Featured image of post Good programming languages are nice but not vital

Good programming languages are nice but not vital

While no programming language is perfect with the right tools and effort, you can work effectively with any of them.

When someone says, “I want a programming language in which I need only say what I wish done,” give him a lollipop. (Alan Perlis, Epigrams in Programming)

People love to talk trash about programming languages on Twitter. Every day there’s a new viral tweet about the inadequacies of Python.

I have worked with many programming languages and studied others in school, but I’ve spent most of the last ten years deep into Python. Of course, Python has warts and wrinkles; I’m intimately familiar with many of them! At the same time, people worldwide effectively use Python to solve all kinds of problems. As it turns out, many common frustrations can be set aside with a little effort (e.g., by integrating modern tooling like Ruff).

I’m regularly convinced that Brian Kernighan knew everything there is to know about software engineering practice, and he wrote it down before I was born in 1986. He doesn’t miss the mark in his 1979 paper with Plauger:

…many people try to excuse badly written programs by blaming inadequacies of the language that must be used. We have seen repeatedly that even Fortran can be tamed with proper discipline. The presence of bad features is not an invitation to use them, nor is the absence of good features an excuse to avoid simulating them as cleanly as possible. Good languages are nice, but not vital.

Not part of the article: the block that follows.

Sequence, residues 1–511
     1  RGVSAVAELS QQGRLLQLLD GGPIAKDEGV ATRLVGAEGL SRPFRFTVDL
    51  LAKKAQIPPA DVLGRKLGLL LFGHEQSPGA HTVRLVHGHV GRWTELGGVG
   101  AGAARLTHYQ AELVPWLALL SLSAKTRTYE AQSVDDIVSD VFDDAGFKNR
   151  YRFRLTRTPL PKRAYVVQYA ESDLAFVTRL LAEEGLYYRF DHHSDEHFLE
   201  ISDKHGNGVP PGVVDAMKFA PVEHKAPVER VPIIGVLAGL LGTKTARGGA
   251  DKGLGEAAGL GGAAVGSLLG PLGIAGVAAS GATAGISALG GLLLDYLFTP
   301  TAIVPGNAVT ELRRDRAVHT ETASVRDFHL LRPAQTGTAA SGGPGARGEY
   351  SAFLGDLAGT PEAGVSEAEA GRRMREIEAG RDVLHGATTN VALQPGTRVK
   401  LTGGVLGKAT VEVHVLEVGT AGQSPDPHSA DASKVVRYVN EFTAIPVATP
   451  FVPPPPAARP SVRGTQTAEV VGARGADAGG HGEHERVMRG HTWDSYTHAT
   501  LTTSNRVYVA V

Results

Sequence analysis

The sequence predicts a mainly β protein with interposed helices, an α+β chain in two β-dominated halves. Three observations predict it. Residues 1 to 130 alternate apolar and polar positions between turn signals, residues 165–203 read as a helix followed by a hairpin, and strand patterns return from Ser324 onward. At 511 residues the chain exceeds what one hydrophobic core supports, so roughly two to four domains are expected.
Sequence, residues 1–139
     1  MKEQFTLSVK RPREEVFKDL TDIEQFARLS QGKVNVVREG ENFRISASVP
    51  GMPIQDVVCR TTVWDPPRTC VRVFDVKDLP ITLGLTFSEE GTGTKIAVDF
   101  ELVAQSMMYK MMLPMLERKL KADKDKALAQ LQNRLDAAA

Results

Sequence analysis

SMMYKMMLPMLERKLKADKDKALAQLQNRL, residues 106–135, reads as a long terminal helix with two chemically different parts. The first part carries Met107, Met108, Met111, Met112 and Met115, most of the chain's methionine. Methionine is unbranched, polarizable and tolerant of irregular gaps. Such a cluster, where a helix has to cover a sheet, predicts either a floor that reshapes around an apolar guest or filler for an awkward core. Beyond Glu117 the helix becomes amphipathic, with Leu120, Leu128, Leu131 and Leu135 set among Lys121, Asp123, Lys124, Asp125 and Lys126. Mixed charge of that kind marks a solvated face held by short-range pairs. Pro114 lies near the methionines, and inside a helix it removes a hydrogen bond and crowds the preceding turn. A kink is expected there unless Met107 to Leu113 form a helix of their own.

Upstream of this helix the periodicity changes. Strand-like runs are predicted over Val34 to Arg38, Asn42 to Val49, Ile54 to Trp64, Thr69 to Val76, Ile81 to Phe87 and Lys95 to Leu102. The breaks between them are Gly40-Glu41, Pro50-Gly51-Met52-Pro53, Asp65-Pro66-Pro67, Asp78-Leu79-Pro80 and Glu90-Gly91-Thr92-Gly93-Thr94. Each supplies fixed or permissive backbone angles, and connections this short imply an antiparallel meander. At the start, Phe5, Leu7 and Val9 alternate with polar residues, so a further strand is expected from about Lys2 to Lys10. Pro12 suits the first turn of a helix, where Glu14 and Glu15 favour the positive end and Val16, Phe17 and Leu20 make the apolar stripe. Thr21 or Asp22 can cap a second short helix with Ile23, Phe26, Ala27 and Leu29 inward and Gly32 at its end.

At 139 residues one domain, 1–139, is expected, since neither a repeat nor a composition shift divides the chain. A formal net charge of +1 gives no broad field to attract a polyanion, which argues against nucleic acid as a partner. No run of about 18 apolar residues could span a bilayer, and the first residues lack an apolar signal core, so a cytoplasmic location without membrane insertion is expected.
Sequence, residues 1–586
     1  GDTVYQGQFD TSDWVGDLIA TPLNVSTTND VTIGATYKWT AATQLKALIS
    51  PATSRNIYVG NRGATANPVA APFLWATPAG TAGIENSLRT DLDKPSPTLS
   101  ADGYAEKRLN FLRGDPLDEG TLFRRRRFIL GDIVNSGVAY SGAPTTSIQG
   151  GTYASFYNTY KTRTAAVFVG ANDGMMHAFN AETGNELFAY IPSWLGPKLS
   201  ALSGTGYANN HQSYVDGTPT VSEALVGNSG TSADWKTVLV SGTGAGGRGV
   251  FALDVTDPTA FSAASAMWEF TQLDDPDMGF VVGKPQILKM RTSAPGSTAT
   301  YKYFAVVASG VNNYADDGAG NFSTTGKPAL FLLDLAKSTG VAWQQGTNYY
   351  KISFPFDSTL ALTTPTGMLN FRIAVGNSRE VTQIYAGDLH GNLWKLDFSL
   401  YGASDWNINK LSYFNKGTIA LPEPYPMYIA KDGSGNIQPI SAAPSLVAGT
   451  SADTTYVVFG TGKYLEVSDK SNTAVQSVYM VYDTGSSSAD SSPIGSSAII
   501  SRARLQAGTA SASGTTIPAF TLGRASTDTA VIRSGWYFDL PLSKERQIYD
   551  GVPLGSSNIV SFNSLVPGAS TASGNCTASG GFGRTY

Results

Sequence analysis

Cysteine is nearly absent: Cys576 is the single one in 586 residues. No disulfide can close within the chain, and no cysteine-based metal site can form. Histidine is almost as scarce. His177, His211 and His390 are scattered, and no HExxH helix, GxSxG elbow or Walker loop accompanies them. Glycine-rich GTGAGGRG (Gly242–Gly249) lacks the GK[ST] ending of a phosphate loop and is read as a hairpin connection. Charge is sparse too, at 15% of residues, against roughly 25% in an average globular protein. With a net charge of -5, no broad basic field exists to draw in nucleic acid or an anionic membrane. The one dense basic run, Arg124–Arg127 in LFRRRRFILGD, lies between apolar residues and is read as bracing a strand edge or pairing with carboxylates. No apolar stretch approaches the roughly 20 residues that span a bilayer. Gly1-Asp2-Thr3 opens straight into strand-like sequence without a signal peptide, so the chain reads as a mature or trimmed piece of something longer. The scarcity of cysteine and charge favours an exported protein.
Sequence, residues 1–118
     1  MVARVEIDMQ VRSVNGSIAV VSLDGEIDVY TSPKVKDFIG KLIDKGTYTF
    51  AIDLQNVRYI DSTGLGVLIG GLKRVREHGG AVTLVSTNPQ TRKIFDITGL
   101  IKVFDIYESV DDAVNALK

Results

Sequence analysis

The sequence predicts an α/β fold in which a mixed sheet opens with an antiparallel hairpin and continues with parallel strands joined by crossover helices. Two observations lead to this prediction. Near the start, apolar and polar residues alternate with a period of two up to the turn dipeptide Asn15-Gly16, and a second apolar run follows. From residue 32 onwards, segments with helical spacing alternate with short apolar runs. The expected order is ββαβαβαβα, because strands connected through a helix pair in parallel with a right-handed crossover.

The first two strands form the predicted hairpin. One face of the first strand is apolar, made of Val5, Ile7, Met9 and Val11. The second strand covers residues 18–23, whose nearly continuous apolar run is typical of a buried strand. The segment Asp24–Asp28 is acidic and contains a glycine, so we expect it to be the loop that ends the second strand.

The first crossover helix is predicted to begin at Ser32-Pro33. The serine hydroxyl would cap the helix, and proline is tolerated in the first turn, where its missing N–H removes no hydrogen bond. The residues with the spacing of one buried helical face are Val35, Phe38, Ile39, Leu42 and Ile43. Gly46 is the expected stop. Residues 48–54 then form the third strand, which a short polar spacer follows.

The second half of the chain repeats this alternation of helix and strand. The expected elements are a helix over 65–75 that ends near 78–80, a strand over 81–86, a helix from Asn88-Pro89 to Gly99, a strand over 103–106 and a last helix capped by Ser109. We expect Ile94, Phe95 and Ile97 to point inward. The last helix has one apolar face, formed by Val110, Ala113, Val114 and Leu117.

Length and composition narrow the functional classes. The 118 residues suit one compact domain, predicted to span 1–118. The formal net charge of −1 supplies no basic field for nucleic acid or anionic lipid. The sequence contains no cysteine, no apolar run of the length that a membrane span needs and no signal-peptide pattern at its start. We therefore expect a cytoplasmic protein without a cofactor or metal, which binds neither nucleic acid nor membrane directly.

People forget that two of the top three most visited websites (Youtube and Facebook) were originally implemented in PHP, a language rarely considered a Platonic ideal.

Bjarne Stroustrup, creator of C++, says, “There are only two kinds of languages: the ones people complain about and the ones nobody uses.” He’s right, and I’m guessing we’ll never move entirely beyond that (even as language improvement continues). I, for one, am willing to embrace this and learn to do the best with the tools we have.

Last updated on Apr 03, 2024 16:20 UTC